Most of the characters in the movie are grappling with cancer and looming death. Yet the movie is not dark, heavy and drab but light, effervescent and fun. The movie is based on a book which again references a book and its fictitious writer.
“The Fault in Our Stars,” is lead by two teenage characters of opposite sex, in which, one is morose and the other is peppy in a part of the story and thereafter their role reverses. Also they have a goal. They have to travel from US to Amsterdam to meet an author who wrote an optimistic book on cancer. This pilgrimage has its surprises and its consequences.
Shailene Woodley has an endearing looks and acting talent who pulls the viewer in for a rollercoaster ride of emotions. But the emotions are adjusted in appropriate measure. It’s a toned down melodrama and the conversations are mainly forward looking though they can’t avoid morbid talks at some juncture.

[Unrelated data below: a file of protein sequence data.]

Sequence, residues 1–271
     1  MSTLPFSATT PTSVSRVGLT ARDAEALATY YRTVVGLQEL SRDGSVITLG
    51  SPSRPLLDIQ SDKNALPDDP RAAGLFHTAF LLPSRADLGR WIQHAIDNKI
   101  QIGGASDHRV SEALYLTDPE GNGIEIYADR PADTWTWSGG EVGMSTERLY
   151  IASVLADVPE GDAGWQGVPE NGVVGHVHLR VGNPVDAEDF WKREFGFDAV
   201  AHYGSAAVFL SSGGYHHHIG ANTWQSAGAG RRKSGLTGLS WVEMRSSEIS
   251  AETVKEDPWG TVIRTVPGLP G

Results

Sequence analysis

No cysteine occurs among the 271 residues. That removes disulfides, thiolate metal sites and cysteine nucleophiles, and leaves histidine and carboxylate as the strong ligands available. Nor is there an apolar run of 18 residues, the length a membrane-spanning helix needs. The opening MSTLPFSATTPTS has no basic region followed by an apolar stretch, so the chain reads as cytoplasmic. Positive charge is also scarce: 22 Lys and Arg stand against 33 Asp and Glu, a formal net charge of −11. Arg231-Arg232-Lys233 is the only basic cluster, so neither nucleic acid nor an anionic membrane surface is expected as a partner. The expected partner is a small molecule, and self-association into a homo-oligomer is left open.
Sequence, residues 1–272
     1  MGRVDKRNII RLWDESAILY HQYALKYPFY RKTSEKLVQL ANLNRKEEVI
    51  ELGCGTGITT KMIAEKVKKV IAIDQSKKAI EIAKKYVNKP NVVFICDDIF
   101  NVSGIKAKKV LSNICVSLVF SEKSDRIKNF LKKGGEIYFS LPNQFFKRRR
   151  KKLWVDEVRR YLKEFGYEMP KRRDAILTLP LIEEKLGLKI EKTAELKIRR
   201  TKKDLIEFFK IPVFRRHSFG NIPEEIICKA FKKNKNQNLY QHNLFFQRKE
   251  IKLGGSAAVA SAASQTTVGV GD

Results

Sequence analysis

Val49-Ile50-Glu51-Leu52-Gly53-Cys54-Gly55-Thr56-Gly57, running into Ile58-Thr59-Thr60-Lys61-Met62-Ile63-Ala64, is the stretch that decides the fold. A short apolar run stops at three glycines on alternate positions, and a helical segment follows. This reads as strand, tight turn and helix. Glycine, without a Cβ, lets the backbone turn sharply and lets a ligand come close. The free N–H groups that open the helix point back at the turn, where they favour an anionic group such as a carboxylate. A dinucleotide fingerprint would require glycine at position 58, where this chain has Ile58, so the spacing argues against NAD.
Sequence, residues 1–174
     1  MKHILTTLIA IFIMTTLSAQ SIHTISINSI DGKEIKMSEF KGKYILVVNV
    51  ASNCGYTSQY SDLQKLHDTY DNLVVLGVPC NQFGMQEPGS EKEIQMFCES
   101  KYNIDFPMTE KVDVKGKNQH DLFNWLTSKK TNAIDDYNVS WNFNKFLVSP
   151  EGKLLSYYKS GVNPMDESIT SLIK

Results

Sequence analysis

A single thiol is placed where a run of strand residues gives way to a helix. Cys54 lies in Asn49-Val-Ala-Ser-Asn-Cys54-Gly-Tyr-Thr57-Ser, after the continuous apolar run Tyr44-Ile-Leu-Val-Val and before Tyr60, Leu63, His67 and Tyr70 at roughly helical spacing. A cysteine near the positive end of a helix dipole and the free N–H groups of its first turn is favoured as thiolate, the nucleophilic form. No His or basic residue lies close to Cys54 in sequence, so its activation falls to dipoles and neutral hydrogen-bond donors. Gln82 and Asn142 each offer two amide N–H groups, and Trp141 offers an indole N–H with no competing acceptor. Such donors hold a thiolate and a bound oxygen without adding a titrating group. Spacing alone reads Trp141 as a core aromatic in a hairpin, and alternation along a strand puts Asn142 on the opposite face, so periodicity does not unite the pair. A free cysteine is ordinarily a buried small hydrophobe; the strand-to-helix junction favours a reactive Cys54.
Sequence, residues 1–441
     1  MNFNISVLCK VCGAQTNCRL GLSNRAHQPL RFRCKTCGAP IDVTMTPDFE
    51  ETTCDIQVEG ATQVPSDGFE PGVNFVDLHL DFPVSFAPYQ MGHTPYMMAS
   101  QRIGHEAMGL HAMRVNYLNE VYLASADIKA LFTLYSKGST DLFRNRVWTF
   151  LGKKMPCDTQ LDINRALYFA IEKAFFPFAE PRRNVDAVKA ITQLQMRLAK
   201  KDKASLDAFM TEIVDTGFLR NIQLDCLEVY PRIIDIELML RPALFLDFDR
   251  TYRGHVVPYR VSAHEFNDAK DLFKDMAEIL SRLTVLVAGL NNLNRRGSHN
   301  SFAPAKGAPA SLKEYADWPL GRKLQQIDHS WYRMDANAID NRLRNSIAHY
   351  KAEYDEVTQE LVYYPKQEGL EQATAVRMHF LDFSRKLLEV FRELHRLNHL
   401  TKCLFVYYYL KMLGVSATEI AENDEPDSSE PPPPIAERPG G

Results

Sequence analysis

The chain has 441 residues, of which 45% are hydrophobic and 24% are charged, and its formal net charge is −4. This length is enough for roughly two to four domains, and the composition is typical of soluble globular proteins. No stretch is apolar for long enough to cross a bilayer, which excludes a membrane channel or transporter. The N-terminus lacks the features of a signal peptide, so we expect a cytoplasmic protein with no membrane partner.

A middle aged couple with two teenage boys are on a ski-holiday when a controlled avalanche misdirects into a open air cafe where the family is brunching. Upon approach of the rubble, the husband runs away abandoning his wife and two children. The avalanche rattles the cafe-people but is innocuous. Everything goes back to normal. Except the relationship between the husband and his wife and two children.
The rest of the movie then moves into subtler aspects of relationships. The wife and two children see their husband and father as someone weak. Obviously, the husband tries to justify himself by lying and undermining his wife. But in the end there is redemption arranged by the wife for the father,only.